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August 27, 2009

News from Thindesk

Thindesk out of Canada picked up some accolades recently. ThinDesk & TELUS were recently listed by the IDC; as one of the Top 10 Cloud Solutions to watch in Canada. Also has been declared a Top 3 finalist in the Best Small Business Solution’s category by CDN & IT World Canada.

IDC Profiles 10 Canadian Cloud Solutions to Watch

06 Aug 2009
Cloud to be a Hot Growth Niche for Emerging Firms

TORONTO, Ontario, August 6, 2009 – IDC Canada recently profiled ten Canadian Cloud solutions companies to watch.

"Cloud computing is still only in the nascent stages in Canada, but is expected to grow rapidly in the coming years," says Krista Napier, senior analyst, Competitive Intelligence and Emerging Technology at IDC Canada.

In addition, Thindesk has been declared a Top 3 finalist in the Best Small Business Solution’s category by CDN & IT World Canada. We are going to be acknowledged and awarded this at the www.channeleliteawards.ca Gala Event coming up on September 29th, 2009.

By 2012, IDC estimates 9% of spending on IT services worldwide, including business applications, application development and deployment, system infrastructure software, storage and servers, will be in the Cloud – and the leading area of IT growth (IT Cloud Services Forecast, Oct 2008).

"Still, the barriers to adoption in the short run must not be underestimated, and this poses challenges for emerging ICT firms with limited track records that are bringing cloud solutions to market," says Napier. "Showcasing ROI and cloud success stories will be key for emerging vendors to succeed in the cloud."

IDC has released a new study that profiles ten of these emerging companies in Canada offering solutions that address the cloud. The IDC study, 10 Canadian Cloud Solutions to Watch (IDC #CA4TIW9), provides insight into the solutions, go-to-market strategies, partners, and customers of the profiled vendors. Lessons learned may provide a model for other emerging companies in the Canadian technology marketplace, and help larger vendors, government, and investors identify partnership and investment opportunities.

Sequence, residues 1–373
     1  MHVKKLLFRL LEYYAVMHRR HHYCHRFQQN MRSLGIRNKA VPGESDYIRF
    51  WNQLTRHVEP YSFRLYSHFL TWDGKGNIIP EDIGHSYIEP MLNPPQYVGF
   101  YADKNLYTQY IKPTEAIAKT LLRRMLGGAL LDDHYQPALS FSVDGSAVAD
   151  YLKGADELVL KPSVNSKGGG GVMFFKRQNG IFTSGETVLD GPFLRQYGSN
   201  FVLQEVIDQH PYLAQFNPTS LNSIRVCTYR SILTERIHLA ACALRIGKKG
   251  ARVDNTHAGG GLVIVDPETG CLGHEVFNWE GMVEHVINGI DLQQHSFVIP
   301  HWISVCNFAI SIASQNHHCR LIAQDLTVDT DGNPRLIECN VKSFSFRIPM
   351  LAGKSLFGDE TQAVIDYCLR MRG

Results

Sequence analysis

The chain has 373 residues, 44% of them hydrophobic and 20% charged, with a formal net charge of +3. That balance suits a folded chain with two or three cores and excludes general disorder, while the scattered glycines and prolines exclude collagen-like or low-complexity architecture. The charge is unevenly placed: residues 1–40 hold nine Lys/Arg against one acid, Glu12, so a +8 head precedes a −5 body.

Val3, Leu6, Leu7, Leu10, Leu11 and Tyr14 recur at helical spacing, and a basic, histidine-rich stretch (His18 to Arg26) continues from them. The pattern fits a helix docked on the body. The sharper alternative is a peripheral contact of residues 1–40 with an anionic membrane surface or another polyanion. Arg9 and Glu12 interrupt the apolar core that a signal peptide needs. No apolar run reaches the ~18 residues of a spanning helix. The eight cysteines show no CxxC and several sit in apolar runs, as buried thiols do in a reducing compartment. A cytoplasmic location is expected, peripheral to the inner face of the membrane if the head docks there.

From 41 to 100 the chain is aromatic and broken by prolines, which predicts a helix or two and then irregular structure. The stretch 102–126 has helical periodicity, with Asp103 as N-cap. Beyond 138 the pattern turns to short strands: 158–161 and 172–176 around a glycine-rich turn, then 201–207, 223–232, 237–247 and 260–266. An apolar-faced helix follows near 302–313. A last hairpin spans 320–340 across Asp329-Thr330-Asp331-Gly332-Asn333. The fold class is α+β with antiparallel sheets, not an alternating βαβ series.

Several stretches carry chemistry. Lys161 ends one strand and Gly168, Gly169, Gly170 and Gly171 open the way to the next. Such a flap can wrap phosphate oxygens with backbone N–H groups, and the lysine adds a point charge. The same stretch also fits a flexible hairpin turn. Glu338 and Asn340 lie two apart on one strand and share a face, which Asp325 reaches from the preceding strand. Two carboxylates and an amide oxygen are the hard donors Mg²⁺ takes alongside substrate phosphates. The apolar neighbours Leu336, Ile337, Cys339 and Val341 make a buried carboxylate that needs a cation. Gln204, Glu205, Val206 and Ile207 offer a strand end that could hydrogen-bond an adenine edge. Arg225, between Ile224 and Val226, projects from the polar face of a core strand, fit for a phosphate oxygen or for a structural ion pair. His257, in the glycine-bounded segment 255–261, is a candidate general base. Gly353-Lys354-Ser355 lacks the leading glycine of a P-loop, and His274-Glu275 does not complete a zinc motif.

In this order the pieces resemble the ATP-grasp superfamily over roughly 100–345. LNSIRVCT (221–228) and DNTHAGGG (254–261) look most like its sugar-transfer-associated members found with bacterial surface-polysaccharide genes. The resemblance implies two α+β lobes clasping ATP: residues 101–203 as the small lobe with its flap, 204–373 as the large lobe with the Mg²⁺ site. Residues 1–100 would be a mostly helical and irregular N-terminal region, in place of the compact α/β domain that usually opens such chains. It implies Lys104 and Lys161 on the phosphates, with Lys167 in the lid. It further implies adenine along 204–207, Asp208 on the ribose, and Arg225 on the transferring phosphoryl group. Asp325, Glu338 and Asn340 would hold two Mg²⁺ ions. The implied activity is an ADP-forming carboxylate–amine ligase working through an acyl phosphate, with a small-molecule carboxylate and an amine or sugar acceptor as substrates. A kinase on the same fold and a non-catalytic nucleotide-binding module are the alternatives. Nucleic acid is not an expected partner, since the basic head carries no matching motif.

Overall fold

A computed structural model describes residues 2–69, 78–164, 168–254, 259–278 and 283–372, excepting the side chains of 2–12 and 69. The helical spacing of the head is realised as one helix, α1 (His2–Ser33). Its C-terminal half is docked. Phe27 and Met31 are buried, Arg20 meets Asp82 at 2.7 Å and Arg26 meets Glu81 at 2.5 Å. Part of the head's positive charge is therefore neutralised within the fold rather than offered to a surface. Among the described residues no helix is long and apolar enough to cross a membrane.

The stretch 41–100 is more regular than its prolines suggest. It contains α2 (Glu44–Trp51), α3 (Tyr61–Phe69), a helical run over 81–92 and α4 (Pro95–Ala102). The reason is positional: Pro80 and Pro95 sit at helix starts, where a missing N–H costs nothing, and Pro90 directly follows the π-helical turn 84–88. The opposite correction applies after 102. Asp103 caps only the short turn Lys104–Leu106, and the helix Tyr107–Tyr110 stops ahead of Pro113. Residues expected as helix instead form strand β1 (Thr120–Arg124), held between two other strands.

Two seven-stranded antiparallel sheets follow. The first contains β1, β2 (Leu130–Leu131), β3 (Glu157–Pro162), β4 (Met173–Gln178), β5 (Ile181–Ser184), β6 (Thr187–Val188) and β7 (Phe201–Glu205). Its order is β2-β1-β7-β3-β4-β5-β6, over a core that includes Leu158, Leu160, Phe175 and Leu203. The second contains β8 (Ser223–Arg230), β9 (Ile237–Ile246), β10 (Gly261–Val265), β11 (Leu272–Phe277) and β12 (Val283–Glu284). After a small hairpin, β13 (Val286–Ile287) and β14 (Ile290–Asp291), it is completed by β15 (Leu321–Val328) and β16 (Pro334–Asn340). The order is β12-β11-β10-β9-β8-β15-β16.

Some of the key findings from this study include the following:

Cloud suits emerging Canadian companies. The very nature of smaller emerging companies makes them well-suited to deliver disruptive solutions in the cloud – these companies tend to demonstrate flexibility and speed, they are not restrained by legacy products or investments, and some cloud services such as application solutions require minimal upfront capital to launch initially in the market. This has led to an influx of emerging Canadian ICT companies bringing solutions to market that address the cloud – sometimes as 100% cloud solutions, but often as hybrid offerings that give customers the choice to use the solution as a service in the cloud, or on-premise at first to encourage gradual change.

Substantial barriers to the cloud pose a challenge for emerging firms. While cloud has generated tremendous attention and excitement, customers are still concerned about datacenter facility outages, exporting data from the cloud, data security, lack of common application programming interfaces (APIs), and data ownership. These concerns are compounded when working with a relatively small unknown vendor. Emerging companies can benefit from partnering with larger incumbents looking to broaden their on-premise solutions to become part of an overall cloud computing strategy that can extend a start-up's reach and legitimacy.

"Freemium" is the answer – sometimes. The "freemium" model has been an effective approach for many emerging companies delivering SaaS-based solutions to attract individual users with a free version of their solution, and to expand their footprint later with a more robust version of the solution for a fee. However, for instances where customers are unfamiliar with cloud solutions, or where high-touch support is needed to ensure a successful first-time experience with the product, some solution providers have found more success charging for the software upfront.

The ten companies featured in the report (in alphabetical order) include:


This study is one of a series of documents that IDC publishes as part of the Canadian Technology Innovation Watch report series, which tracks Canadian ICT companies including software, hardware, services, and communications companies from across Canada. The series examines emerging companies, their solutions, and why they have been successful. For more information about IDC's series of reports on Canadian-grown ICT, visit: http://www.idc.com/getdoc.jsp?containerId=IDC_P15343


For more information, contact:

Tatiana Abramova
[email protected]

Posted by Staff at August 27, 2009 09:30 PM